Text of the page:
1. Where a policy of life insurance provides for waiver of payment of premium "the due date of which occurs during the continuous total disability of the insured and not more than six, months prior to receipt at its home office of notice of claim" and "[n]o claim for benefits herein shall be valid unless total disability is established as provided elsewhere herein and written notice thereof is given to and received by the company during the lifetime of the insured and during the continuance of the total disability" and that "[f]ailure to give such notice within such time shall not invalidate such claim if it shall be shown that it was not reasonably possible to give it within such time and that such notice was given as soon as was reasonably possible," and the insured becomes totally disabled as defined in the policy and remains so until his death, the failure to give such notice prior to the death of the insured, where it was not reasonably possible to do so and such notice was given after the insured's death as soon as was reasonably possible, the waiver of premiums would be effective as of the first premium becoming due more than six months after the total disability began and during the continuance of the total disability, and as to any subsequent premium becoming due during the lifetime of the insured and during the continuance of such disability.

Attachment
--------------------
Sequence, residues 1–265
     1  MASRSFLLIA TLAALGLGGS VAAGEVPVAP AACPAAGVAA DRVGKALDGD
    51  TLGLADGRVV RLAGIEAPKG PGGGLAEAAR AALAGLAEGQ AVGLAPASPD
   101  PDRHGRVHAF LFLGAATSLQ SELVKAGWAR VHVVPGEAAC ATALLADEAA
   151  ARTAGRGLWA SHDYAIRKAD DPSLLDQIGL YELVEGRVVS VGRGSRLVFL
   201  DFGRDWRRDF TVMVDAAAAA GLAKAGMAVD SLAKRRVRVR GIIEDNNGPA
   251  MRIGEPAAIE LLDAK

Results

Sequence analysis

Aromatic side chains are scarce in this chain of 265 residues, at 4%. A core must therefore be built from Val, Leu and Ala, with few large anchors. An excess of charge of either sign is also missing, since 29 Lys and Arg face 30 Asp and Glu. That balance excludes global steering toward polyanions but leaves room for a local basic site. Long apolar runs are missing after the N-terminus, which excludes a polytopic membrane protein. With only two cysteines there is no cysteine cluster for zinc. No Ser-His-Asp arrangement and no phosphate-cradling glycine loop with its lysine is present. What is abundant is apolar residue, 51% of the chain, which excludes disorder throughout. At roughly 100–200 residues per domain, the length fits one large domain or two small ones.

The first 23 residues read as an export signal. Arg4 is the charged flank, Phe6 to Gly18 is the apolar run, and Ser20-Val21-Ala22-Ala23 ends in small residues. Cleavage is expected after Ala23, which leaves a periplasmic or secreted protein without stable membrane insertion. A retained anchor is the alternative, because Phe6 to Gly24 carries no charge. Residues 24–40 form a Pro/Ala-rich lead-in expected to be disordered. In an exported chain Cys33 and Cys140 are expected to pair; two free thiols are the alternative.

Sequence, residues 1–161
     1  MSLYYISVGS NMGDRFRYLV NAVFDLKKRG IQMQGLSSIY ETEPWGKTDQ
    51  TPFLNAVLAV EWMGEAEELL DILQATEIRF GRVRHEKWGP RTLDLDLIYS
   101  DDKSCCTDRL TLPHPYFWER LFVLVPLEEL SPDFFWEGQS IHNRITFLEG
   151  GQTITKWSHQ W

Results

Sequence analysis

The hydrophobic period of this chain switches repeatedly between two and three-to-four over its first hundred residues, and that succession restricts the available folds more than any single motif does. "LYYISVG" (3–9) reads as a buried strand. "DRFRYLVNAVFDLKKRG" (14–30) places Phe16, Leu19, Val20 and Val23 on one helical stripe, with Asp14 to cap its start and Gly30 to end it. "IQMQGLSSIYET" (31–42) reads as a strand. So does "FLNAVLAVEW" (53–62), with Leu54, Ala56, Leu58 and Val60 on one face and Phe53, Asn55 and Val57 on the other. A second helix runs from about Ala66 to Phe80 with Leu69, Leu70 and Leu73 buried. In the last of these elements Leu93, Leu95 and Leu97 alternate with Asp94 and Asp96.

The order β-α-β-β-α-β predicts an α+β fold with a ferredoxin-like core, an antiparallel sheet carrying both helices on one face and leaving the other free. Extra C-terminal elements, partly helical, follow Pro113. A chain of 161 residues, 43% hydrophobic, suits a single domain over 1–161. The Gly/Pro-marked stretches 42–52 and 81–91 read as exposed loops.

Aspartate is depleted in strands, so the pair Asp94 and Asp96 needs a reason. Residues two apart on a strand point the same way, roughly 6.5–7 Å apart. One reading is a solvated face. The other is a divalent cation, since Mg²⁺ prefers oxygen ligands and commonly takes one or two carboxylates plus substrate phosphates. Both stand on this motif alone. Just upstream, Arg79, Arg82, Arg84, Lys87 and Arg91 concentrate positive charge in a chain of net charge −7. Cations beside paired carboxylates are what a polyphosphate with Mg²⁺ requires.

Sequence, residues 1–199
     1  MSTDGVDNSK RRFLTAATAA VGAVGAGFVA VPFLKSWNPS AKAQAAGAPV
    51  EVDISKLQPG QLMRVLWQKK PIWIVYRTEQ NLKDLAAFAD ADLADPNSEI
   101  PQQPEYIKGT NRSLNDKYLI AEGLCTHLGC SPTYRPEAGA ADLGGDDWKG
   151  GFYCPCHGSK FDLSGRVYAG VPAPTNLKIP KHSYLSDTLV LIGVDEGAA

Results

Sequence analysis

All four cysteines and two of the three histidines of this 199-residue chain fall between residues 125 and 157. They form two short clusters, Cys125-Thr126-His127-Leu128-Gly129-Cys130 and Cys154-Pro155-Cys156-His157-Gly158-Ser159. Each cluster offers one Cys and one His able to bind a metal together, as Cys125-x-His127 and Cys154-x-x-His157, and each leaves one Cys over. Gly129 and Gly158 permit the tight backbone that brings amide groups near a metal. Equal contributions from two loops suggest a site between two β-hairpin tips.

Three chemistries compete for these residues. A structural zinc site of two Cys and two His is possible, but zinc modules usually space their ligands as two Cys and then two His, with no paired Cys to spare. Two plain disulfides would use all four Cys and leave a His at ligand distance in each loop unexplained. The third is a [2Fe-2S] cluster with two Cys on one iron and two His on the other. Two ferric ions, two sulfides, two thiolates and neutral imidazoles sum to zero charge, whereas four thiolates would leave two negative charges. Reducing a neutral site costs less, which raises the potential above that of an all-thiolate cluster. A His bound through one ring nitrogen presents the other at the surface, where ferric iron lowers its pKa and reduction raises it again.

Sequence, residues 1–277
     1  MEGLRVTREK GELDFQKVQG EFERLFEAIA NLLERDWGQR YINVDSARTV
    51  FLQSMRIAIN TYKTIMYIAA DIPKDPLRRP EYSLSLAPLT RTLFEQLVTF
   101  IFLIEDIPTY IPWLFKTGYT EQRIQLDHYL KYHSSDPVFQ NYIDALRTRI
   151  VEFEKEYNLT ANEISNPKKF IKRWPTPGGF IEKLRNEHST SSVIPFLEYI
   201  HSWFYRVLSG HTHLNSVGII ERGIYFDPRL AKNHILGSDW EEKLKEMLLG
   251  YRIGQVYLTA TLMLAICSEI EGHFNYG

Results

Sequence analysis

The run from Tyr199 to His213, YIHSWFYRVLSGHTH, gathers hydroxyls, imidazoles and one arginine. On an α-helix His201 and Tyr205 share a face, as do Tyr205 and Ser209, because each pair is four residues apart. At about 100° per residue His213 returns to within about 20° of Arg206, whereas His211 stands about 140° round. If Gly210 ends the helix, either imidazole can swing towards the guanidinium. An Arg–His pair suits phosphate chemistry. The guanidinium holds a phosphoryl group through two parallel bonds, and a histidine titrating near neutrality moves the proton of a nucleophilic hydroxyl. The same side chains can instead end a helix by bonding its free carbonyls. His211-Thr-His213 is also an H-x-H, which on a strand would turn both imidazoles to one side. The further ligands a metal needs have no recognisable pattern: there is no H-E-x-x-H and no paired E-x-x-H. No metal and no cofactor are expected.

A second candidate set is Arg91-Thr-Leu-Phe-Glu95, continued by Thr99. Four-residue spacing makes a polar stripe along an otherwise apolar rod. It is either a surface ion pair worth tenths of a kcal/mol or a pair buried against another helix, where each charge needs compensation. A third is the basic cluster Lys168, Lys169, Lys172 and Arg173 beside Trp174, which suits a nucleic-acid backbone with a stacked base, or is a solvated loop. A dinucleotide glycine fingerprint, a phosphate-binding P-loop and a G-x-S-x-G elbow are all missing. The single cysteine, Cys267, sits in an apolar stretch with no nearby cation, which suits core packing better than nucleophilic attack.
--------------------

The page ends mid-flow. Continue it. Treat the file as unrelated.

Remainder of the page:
2. Where an insurance policy, in a waiver of premium payment provision based on total disability defines total disability as "incapacity to engage in any occupation for remuneration or profit, when incapacity is the result of bodily injury or disease suffered or contracted after the date of the policy," the fact that the insured, claiming such disability, did, during the time of such alleged disability, make a substantial income, not from his usual occupation, as accountant and executive officer of insurance and investment companies, but primarily as a finder's fee in a sale of all insurance business and a real estate sale does not as a matter of law prevent the insured from being totally disabled under the terms of the policy; and where from the evidence relating to such disability, on motion for summary judgment by the insurer in a suit on such policy, a finding would be authorized that the insured was unable to do substantially all of the material acts necessary to the transaction of the insured's business or occupation in substantially his customary and usual manner of any occupational activity on a substantially continuous basis a finding of total disability as defined would also be authorized. Cato v. Aetna Life Ins. Co., 164 Ga. 392, 398, 399 (138 SE 787); Franklin Life Ins. Co. v. Stiles, 90 Ga. App. 311 (52 SE2d 595).